Mar 17, 2023Liked by Yassine Meskhout

I had a conversation recently with a woman who expressed fury at unequal pay. I said that it's often conflated with unequal earnings, which result from other factors. When I pointed out that unequal pay is unlawful in our respective countries and that there seems little or no evidence of it, she fell back on saying it is real. When I asked for evidence she blustered about it being hard to prove, but still real. This went on until I gave up.

The relationship between conclusion and premises was impossible to establish and I realised that an opinion is often entirely founded on the ethical valence of the conclusion, while bypassing entirely the reasoning that might get you there.

This seems to be at the root of all partisan proselytising.

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Mar 17, 2023·edited Mar 17, 2023Liked by Yassine Meskhout

Yassine: "... she believes that a consistent exposure by men to violent and/or extreme pornography ..."

Just about anything we do there can be too much of -- eating, drinking, golfing ..., "Big Macs", whatever.

"The difference between a medicinal dose of strychnine and a fatal one is also only one of degree."

http://asounder.org/resources/weiner_humanuse.pdf (Norbert Wiener's Human Use of Human Beings)

Somewhat disingenuous of Meghan to not recognize that distinction.

Yassine: "... if you credulously accept every right turn, but are severely skeptical of every left turn, you’ll just keep going in circles ..."

LoL. That's definitely a keeper. 🙂

Meghan: "I think that it’s unethical to pay another person for sex. ..."

As the old joke has it, for a million dollars? The issue is often less the "principle" undergirding the exchange itself than that the "quid pro quo" is often rather egregiously inequitable. More or less analogous to sweat shops -- no one seriously argues that people shouldn't be paid to work, typically, in garment factories, but the issue is that the workers be paid fairly and be provided decent working conditions.

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Mar 17, 2023Liked by Yassine Meskhout

Great post overall, though the compass analogy "A theory that is unfalsifiable is like a compass that always points north no matter what direction it’s facing" is off - that's what a good, useful compass does. The bad kind (well, one specific sort of bad kind) would be one that says whichever direction it is pointing is North.

Always a nice show of good faith to take down bad arguments whose conclusions you mostly agree with.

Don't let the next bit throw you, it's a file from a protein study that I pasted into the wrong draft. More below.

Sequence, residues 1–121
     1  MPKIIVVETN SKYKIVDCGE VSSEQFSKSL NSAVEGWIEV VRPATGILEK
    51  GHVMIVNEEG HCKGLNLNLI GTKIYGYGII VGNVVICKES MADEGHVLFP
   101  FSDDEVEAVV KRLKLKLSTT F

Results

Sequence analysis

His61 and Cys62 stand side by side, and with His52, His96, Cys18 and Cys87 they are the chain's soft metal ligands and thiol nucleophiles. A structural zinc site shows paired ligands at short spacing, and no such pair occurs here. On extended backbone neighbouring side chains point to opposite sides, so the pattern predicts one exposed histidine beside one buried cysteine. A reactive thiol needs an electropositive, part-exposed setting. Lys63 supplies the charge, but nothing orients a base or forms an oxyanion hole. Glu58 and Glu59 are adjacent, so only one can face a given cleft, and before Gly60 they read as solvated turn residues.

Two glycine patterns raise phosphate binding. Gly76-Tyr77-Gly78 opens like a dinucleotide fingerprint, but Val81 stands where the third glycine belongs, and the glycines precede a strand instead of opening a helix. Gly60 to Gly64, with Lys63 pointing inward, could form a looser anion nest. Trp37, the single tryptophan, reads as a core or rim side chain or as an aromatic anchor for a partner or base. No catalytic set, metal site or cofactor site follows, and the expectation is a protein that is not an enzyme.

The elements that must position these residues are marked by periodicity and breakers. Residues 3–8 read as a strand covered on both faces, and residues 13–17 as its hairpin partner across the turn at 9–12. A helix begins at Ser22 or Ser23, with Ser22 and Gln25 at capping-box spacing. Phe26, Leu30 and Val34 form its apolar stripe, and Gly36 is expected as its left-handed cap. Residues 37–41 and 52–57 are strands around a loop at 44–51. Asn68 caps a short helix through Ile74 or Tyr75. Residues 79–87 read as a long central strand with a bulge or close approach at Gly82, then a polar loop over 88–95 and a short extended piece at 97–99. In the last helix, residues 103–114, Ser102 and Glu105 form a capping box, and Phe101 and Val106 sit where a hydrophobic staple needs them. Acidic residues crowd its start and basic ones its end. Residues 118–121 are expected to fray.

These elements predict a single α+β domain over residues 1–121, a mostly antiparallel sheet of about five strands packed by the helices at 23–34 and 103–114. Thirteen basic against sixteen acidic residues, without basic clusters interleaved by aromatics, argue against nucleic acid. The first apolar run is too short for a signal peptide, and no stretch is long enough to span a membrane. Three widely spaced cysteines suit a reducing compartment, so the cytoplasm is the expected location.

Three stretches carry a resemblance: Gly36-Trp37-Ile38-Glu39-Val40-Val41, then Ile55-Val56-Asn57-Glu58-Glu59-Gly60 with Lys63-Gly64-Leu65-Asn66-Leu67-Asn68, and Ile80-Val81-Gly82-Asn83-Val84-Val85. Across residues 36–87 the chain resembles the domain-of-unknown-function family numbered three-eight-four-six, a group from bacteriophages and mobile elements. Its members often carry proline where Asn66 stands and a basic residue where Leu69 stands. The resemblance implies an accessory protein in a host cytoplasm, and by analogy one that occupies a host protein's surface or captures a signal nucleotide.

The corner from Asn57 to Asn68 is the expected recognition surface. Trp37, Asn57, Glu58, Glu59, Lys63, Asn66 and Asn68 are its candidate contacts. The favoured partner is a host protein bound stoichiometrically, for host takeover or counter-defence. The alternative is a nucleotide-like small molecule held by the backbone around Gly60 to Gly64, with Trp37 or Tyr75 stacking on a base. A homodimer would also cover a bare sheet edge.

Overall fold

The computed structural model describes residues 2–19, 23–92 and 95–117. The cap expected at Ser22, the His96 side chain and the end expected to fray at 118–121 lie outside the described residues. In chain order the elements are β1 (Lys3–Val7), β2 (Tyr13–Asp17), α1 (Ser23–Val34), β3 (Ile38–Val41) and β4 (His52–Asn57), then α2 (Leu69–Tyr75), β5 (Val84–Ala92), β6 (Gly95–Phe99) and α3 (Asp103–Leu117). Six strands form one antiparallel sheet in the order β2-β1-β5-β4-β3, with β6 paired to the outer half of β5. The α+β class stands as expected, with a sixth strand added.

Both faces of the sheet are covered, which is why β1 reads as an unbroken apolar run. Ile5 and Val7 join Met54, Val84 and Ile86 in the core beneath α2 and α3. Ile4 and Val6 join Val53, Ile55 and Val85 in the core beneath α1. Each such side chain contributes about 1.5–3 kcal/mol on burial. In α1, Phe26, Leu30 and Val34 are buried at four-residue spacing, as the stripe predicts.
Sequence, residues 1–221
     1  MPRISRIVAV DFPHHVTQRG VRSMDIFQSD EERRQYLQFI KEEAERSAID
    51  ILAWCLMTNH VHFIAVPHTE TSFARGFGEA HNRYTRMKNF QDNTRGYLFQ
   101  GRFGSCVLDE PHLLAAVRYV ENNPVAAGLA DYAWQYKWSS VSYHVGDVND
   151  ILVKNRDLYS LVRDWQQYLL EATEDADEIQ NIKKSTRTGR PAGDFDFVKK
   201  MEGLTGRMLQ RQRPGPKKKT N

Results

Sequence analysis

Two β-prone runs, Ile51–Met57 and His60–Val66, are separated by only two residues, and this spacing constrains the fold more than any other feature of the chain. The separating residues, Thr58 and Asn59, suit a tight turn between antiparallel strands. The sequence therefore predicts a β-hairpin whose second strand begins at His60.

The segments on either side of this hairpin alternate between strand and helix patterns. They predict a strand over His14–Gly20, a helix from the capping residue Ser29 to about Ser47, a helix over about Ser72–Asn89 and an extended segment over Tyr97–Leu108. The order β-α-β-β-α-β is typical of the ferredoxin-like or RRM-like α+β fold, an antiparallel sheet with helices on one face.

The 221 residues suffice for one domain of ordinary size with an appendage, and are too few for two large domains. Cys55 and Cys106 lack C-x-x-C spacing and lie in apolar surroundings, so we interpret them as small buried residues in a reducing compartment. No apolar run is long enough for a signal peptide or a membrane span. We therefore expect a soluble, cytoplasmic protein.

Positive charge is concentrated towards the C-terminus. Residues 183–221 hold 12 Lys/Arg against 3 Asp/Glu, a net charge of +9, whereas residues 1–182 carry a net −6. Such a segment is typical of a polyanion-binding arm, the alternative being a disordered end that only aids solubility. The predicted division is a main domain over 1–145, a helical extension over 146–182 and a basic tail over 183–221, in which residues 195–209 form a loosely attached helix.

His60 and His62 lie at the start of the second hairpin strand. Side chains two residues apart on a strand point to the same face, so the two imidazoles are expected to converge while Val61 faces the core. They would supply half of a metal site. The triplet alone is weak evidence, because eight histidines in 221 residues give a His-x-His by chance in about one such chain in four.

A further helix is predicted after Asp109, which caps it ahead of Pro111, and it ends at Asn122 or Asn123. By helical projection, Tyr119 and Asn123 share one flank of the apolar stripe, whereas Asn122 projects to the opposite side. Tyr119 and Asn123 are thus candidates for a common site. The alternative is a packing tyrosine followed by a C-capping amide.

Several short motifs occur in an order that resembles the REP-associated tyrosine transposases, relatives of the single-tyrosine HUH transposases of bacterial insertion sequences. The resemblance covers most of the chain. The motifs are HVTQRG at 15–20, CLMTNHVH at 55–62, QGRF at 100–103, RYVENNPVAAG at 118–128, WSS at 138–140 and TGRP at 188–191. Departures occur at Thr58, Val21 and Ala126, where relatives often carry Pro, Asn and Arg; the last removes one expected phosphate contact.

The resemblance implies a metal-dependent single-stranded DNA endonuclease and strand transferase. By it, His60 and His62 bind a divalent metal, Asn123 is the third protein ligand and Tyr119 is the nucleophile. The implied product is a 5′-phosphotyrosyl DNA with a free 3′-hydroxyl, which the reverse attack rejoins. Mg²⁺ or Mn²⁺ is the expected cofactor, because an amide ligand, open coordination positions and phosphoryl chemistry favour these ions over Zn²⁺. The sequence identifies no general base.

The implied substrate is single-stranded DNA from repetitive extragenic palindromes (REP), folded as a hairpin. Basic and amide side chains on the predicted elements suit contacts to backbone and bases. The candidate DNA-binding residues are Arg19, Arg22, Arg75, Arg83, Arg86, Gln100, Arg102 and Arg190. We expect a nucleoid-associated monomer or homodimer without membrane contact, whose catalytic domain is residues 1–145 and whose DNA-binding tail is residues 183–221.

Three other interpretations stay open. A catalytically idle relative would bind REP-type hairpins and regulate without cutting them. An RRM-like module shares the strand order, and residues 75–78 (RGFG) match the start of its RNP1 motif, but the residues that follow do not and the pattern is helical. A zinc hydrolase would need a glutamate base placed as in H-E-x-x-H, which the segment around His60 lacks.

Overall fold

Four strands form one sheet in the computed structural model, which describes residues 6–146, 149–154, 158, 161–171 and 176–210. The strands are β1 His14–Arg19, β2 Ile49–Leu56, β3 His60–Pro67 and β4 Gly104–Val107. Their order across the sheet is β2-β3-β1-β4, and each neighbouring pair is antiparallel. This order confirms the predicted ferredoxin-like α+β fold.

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Mar 17, 2023Liked by Yassine Meskhout

Interesting read! I'm familiar with both and actually really appreciate Meghan's work in other areas, but agree that on this subject she doesn't seem to be applying the same standards to herself.

I actually see in a lot of "public intellectuals" that they have some topics on which they are immune to change or especially slippery. Meghan here on porn/ prostitution, Harris on Trump, Peterson on Religion, Weinstein on Ivermectin (I'm actually not convinced he's wrong, just that he's too convinced he's right).

Another bit I wanted to call out is this question of not just falsifiability but what specific evidence would change someone's mind is a core premise of Street Epistemology, a mode of conversation based around pulling out the real reason a person believes something, and asking them to question how sound of a reason that is. There are loads of conversations on YouTube if you're interested.

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Mar 17, 2023·edited Mar 17, 2023

I find this to be one of the more difficult debates to decide my opinion on. I think people like Aella are so concerned with people not being told what to do by anyone that they don't consider the possibility that some behaviors are harmful enough to be worth discouraging, even if they're not made illegal. But people like Meghan, and the more religious conservative people who oppose porn and prostitution for similar-yet-different reasons, can't really fathom the idea that people could have different views on sex than they do without it being some sort of trick or psy-op. I think anybody who's been online enough has probably seen some of the deviant weirdos who prowl the internet, so I'm willing to believe those who practice total hedonism are risking it altering their mental state. However, I also think having a sexual outlet is more important than the so-called "sex negative" people are willing to admit. Those who are not currently in a sexual relationship need somewhere to channel that, especially men, and no amount of exhortations toward perfect feminism/godliness are going to stop it. You can't just expect everyone who, temporarily or permanently, is not "getting lucky" to accept their loserdom and curb all sexual desire they have. Will jerking off to non-sexual images be okay in the porn-less society, or is that exploitative too?

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> fundamentally, I think that it’s unethical to pay another person for sex.

...It's of course completely ethical to do nothing about gender differences which make a significant amount of men miserable...

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